Life After Hurstwood

Image: Luke Ellis-Craven/lukeelliscraven/Unsplash
Image: Luke Ellis-Craven/lukeelliscraven/Unsplash

This question was recently considered by the Sheffield Magistrates Court in which two of our specialist ratings lawyers, Senior Associate Nicky Kinnear and Associate Director Alex Worthington assisted Rotherham Metropolitan Borough Council in securing the settlement of an unpaid Non-Domestic Rates debt and legal costs of £347,000.

The case

An office building situated in a business park in Rotherham was owned by a family trust based in Gibraltar.  The trust Company was registered as the leasehold owner of the building with HM Land Registry and a London property agent had been nominated to receive notices on the Company’s behalf.

The Council duly served demand notices for business rates addressed to the Company upon the agent.  A summons was issued following the Company’s failure to pay the rates.  The Company prepared a response to the complaint in which it argued that it was not liable to pay rates for the building because it had granted a lease to another Company. 

The Council rejected the lease as having effectively transferred the Company’s liability to pay business rates to the tenant. The tenant was a special purpose vehicle (SPV) that had been incorporated by the operator of a rates mitigation scheme with the sole purpose of assisting landlords with avoiding business rates.  

The lease

The lease in question had been granted for a 3-year term to the SPV which had a single director, Nicholas Gough.  The document included an express declaration that the Company and SPV had entered into the contract with the intention of business rates mitigation. A rent of £1 per year was payable and the agreement required the Company to pay the SPV a fee if it wished to terminate the lease before the end of 3 years.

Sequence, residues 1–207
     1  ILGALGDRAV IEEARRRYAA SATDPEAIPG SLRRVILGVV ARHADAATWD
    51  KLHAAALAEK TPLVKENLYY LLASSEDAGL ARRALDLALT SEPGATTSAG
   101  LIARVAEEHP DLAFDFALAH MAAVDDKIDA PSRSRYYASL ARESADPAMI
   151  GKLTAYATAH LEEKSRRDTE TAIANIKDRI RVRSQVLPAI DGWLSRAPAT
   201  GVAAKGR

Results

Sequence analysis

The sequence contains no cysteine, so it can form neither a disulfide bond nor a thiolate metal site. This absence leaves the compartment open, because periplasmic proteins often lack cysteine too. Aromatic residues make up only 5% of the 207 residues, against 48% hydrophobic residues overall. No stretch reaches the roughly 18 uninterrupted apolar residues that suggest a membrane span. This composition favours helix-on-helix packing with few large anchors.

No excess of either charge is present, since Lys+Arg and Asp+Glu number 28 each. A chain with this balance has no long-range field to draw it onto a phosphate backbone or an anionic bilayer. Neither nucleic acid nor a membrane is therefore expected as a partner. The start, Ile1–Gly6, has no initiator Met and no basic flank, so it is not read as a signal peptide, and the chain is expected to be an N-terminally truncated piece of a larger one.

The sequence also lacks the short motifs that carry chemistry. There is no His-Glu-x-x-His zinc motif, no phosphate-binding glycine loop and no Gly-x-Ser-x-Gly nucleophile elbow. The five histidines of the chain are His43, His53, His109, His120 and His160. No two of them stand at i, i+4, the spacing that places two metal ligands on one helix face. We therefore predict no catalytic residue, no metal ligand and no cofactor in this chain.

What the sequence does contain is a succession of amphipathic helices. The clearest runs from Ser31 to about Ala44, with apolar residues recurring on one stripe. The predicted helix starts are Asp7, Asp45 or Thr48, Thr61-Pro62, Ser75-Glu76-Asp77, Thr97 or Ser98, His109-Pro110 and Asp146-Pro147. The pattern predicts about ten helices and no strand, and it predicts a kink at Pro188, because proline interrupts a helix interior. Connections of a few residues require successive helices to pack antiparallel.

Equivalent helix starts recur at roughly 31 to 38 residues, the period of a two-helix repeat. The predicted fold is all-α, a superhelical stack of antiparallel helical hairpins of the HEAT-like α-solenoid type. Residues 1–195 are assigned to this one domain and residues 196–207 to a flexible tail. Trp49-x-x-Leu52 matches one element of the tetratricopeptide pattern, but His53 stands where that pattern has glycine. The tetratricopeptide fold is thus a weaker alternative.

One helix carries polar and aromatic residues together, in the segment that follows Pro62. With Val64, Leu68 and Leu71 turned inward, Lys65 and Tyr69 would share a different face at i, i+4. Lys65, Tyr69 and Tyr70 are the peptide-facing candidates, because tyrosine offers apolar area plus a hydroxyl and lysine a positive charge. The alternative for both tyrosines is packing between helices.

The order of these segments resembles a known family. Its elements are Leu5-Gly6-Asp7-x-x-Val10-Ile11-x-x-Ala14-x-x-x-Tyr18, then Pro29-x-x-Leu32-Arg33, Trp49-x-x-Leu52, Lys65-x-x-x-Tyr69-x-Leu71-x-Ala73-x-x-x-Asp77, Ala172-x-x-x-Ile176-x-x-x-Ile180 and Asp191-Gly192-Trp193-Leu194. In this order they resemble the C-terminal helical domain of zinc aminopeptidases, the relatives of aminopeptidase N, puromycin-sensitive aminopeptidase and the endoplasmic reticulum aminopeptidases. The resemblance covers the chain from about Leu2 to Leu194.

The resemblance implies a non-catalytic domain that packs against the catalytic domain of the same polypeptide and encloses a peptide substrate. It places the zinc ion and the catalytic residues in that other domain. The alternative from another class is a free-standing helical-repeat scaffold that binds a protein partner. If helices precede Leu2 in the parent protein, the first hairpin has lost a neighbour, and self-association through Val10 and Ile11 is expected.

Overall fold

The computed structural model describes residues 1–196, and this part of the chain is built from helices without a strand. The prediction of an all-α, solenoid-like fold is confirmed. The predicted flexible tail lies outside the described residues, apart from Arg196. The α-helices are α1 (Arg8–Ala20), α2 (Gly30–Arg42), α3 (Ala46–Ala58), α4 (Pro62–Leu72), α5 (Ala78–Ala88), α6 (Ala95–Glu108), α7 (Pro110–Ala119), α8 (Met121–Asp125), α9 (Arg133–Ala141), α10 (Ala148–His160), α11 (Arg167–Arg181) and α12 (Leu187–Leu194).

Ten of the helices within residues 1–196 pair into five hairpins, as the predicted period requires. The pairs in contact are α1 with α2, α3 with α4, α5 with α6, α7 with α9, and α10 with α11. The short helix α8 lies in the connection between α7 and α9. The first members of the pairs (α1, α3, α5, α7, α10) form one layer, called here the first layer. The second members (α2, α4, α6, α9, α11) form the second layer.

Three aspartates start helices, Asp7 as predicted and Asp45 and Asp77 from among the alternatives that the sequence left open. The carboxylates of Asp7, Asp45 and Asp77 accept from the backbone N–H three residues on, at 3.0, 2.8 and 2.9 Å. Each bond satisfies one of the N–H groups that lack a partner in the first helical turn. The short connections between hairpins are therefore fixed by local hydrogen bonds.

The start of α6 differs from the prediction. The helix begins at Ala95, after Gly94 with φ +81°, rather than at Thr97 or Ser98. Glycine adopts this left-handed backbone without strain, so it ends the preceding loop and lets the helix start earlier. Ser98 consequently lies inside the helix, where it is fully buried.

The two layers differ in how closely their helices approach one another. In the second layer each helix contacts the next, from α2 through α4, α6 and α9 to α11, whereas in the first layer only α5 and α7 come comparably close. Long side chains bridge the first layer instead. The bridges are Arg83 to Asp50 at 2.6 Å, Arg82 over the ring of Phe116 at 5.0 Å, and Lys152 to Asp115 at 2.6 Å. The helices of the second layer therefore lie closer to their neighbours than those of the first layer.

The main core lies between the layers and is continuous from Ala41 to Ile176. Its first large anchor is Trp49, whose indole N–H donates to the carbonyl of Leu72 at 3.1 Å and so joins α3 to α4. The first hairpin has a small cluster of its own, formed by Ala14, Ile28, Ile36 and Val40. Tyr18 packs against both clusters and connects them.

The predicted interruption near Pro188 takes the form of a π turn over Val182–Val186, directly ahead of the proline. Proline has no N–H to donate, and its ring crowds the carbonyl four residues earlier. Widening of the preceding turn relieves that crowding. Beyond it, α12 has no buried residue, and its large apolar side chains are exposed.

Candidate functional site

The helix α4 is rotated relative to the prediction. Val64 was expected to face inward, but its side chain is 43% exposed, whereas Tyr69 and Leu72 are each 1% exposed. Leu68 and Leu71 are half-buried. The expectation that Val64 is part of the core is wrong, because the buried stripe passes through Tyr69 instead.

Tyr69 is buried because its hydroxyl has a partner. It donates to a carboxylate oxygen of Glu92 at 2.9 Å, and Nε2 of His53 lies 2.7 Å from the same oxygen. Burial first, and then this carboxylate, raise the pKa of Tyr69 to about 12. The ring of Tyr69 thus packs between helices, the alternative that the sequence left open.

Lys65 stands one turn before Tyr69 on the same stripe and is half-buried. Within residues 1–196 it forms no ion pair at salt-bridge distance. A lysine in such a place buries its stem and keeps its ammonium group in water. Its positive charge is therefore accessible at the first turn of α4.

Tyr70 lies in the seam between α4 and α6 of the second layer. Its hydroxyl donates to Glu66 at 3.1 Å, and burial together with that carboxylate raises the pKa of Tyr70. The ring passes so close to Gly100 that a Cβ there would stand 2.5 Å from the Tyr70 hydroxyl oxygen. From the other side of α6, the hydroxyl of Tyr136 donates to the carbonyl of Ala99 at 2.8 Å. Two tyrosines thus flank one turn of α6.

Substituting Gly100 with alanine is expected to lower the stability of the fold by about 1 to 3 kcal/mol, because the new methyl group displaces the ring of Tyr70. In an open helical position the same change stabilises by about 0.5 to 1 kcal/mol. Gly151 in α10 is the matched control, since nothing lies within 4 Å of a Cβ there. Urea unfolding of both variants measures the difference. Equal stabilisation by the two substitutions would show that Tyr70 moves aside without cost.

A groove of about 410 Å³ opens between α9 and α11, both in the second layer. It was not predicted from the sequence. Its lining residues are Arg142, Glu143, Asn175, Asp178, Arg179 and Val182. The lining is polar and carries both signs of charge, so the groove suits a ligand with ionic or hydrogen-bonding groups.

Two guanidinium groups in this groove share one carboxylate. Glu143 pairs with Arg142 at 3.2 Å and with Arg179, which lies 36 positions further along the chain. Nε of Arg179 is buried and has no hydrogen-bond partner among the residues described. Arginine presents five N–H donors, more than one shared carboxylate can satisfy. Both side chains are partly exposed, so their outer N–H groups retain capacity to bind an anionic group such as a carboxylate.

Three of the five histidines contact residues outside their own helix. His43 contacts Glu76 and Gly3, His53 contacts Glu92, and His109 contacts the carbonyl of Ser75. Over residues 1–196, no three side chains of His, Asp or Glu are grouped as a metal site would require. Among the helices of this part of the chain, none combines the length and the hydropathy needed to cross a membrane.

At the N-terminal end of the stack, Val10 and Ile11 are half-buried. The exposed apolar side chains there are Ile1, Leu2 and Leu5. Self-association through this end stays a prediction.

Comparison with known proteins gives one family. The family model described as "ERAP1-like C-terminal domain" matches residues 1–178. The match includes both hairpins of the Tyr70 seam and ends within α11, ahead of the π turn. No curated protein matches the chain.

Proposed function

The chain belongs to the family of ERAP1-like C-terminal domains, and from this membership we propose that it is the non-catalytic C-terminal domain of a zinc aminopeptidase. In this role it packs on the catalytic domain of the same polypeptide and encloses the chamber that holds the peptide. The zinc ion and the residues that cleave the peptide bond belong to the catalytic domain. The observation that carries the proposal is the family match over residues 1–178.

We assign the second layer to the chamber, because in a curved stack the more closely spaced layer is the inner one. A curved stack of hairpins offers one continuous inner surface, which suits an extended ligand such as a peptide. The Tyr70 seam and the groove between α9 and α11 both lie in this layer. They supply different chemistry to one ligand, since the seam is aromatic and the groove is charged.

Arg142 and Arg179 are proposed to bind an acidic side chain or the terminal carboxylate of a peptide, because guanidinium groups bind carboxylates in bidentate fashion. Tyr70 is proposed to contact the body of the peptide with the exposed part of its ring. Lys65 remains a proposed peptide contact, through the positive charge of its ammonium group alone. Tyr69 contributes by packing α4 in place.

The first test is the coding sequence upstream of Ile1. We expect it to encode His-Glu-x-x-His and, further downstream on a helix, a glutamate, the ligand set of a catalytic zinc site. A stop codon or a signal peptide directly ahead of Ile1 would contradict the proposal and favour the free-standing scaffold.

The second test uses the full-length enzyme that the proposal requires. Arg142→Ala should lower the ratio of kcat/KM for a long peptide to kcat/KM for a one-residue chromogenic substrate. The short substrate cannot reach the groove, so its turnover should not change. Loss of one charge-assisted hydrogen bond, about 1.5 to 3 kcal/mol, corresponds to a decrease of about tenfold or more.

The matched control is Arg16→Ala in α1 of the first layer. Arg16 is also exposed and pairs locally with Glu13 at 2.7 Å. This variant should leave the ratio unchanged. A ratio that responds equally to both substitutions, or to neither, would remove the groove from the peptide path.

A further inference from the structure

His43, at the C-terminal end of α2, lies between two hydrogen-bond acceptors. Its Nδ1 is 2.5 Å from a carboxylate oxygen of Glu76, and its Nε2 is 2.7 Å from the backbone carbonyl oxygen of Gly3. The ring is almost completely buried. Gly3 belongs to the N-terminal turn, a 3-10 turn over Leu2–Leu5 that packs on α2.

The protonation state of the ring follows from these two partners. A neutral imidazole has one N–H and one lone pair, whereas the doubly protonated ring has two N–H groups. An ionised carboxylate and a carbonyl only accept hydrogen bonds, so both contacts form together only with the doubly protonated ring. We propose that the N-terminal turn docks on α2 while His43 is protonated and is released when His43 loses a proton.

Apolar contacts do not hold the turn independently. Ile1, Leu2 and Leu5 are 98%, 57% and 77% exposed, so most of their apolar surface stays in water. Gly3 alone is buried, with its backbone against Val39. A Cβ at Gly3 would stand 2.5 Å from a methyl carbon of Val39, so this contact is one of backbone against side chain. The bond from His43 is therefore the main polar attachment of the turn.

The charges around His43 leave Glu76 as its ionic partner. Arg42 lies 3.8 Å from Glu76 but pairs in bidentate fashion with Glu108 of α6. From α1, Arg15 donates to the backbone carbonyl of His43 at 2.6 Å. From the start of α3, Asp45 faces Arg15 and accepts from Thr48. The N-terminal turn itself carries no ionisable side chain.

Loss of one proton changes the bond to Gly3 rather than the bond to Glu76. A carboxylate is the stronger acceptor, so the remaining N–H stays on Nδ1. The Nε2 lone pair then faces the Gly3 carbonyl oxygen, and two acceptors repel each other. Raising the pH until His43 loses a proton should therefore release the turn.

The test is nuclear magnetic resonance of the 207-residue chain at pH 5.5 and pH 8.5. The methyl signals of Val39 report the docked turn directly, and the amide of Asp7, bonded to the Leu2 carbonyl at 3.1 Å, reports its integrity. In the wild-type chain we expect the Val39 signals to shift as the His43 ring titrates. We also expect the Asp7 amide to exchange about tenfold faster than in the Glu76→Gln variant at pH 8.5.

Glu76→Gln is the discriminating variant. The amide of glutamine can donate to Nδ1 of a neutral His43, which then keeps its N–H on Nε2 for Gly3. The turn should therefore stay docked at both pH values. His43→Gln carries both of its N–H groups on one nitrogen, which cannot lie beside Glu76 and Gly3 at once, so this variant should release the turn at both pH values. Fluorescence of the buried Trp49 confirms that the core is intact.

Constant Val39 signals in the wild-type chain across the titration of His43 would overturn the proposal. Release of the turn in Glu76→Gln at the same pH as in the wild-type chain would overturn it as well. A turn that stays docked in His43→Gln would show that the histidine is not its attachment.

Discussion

The SPV was placed into members voluntary liquidation within a week from the date on which the lease was granted.  The SPV is understood to have taken on several other leases across the country before it entered liquidation.

There was no dispute that the Company had utilised a specific form of mitigation scheme that involved the grant of a lease to an SPV which was then placed into members voluntary liquidation.

A liquidator’s liability to pay NDR for an empty hereditament is exempt by regulations. Accordingly, the scheme used by the Company relied upon the lease remaining in place until disclaimed by the liquidator or the Company dissolved, thereby shielding the Company from a liability to pay NDR.

The lease specifically included a determination premium to justify the prolonged liquidation of the Company. 


A claim in which the effectiveness of an earlier variation of the SPV lease scheme reached the Supreme Court in 2021 (Hurstwood Properties (A) Limited and others v Rossendale Borough Council and another [2021] UKSC 16 as an appeal on an interim application (‘Hurstwood’).

Hurstwood has settled since the appeal however a cohort of associated proceedings are continuing in the High Court, including the matter of City of Bradford Metropolitan District Council v Inverworth (‘Inverworth’).